Raising Sarcoma Awareness

  • Osteosarcoma causes bone pain and limping. Don’t assume your limping dog has a bum knee or weak ankles. Have your limping pet seen by your veterinarian.
  • Soft tissue sarcomas and injection site sarcomas often start as a skin lump. See your veterinarian for any lump that is enlarging over a month, is larger than 2 cm (3/4 inch) in diameter, or has been present for more than 3 months.
  • Sarcomas can often be diagnosed based on a fine needle aspirate. Help your veterinarian take the best care possible of your pet and allow this simple procedure if it is recommended.

What Causes Bloat in Dogs?

July 16, 2014
An x-ray of a dog taken from the right side, showing the gas-filled stomach typical of a dog with bloat.

An x-ray of a dog taken from the right side, showing the gas-filled stomach typical of a dog with bloat.

A few weeks ago, social media couldn’t stop talking about the risks of giving ice water to dogs, based on a blog written by a pet owner. As the story goes, a dog owner gave a bowl of ice water to her overheated dog. When the dog later arrived at an emergency clinic, the ER veterinarian admonished her for giving ice water, blaming it for causing the dog’s bloated stomach. Multiple veterinarians took to Twitter, Facebook and traditional media to debunk this urban legend.

What is bloat?
Bloat is the colloquial name for one of two canine stomach disorders: gastric dilatation (GD), where the stomach fills with gas; and gastric dilatation and volvulus (GDV), where the gas-filled stomach then twists on itself. Both can cause shock because the distended, gas-filled stomach obstructs blood flow. Gastric dilatation can be relieved by pumping the stomach, but GDV requires emergency surgery to untwist the stomach and save the dog’s life.

So if ice water doesn’t cause bloat, what does?
Urban legend still prevails here. Hot food, cold food, big kibble, little kibble, too much food, too much exercise, too many carbohydrates, and stress have all been touted as causes of bloat, but remain unsubstantiated. Scientific studies have repeatedly shown that breed is a risk factor for developing bloat. Large and giant breed dogs with deep chests and narrow waists, like the Weimaraner, St. Bernard, Gordon setter, Irish setter, Rottweiler and Standard poodle, but even Chihuahua’s can experience bloat. Dogs with a littermate that has experienced bloat also have an increased risk of developing the disorder themselves. The risk of bloat increases as a dog ages. One study showed the presence of a foreign object in the stomach predisposed dogs to bloat. Nervous dogs, food gulpers and dogs fed once daily also may have an increased likelihood of bloat, and dogs engaging in a moderate amount of exercise are less likely to bloat. More bloat cases seem to occur in November, December and January, but they occur all year round, so dog owners must always monitor their dog for abdominal distension and nonproductive retching, which are two of the common signs of bloat.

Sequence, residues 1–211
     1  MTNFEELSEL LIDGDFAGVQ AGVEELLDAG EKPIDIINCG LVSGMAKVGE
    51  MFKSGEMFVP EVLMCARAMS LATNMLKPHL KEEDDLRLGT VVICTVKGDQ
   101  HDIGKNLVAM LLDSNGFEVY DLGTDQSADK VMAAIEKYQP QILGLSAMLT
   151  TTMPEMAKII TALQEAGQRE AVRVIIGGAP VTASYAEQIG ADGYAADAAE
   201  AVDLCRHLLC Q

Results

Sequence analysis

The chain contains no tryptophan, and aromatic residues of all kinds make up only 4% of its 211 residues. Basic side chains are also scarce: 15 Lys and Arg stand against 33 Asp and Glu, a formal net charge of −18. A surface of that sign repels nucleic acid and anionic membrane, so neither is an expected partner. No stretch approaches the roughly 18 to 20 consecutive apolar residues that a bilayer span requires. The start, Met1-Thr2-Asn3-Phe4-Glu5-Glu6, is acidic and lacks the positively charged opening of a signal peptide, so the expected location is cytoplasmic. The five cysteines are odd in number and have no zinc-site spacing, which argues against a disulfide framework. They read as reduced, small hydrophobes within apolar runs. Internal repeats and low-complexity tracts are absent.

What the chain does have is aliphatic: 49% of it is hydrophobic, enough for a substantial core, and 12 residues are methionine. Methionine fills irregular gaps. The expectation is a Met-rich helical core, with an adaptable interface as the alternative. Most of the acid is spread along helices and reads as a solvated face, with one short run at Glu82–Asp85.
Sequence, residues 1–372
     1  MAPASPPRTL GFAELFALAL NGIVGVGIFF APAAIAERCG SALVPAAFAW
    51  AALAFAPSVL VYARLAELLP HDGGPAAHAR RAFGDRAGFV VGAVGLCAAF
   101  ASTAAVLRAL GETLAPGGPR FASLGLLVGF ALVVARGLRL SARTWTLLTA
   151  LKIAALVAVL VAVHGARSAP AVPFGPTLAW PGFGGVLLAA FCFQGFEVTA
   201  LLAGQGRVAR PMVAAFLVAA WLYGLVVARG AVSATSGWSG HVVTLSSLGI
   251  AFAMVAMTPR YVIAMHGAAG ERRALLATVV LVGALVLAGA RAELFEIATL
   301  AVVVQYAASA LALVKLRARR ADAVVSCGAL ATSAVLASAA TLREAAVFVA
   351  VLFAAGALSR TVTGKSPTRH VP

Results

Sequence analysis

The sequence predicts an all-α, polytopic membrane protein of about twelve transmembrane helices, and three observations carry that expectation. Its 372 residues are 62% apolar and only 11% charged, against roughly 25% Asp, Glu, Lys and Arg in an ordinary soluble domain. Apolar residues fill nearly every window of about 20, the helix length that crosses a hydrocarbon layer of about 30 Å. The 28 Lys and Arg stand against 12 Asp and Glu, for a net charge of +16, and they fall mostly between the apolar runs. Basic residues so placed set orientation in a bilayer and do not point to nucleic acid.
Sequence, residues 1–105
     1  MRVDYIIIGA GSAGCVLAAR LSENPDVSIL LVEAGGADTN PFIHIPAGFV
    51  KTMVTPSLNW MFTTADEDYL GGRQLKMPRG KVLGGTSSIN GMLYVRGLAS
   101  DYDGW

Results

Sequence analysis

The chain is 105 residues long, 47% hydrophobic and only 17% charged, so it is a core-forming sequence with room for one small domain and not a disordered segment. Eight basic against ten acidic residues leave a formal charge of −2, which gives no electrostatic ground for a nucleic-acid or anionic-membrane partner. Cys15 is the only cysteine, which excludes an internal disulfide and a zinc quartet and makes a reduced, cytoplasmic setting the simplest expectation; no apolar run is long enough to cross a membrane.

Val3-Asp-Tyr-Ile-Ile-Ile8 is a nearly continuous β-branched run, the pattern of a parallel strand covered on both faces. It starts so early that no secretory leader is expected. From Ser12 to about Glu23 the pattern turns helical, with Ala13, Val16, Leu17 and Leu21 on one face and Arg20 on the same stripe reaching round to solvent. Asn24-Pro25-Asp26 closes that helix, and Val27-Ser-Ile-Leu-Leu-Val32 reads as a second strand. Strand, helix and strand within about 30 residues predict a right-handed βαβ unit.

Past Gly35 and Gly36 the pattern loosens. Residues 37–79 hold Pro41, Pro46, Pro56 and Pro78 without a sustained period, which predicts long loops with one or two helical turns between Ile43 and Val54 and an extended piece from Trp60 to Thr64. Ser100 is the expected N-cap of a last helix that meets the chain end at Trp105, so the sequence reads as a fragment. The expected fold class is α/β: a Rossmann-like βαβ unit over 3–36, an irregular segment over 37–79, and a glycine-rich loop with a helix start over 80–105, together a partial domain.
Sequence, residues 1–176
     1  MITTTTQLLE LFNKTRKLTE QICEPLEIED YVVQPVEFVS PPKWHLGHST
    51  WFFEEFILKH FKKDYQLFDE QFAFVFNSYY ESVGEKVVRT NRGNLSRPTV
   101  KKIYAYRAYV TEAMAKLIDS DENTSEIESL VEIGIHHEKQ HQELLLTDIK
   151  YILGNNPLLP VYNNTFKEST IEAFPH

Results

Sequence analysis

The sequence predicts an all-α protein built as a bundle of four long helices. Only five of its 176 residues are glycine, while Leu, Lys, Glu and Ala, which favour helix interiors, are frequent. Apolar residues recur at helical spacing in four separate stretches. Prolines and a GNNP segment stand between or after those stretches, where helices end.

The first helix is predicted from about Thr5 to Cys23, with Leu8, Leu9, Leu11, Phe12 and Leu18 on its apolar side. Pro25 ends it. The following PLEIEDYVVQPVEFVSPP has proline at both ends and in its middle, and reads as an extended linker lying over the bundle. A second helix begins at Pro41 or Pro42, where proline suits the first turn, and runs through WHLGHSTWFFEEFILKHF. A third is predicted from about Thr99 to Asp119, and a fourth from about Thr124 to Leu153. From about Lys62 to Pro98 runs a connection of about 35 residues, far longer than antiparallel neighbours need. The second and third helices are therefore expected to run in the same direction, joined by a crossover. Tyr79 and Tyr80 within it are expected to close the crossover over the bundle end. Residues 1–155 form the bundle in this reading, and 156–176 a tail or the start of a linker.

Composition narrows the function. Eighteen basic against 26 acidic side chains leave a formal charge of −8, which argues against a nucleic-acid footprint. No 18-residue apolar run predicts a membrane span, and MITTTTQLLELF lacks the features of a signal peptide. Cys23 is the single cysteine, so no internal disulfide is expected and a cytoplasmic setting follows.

Can bloat be prevented?
Families with one of the at-risk breeds previously mentioned or other large or giant breed dogs should discuss prophylactic gastropexy with their veterinarian. I recommend my patients of these breeds have their stomachs tacked in place at the time of neutering. This surgery can be done using minimally invasive techniques. This surgery does not prevent gastric dilatation, but has been determined to be cost-effective in preventing GDV.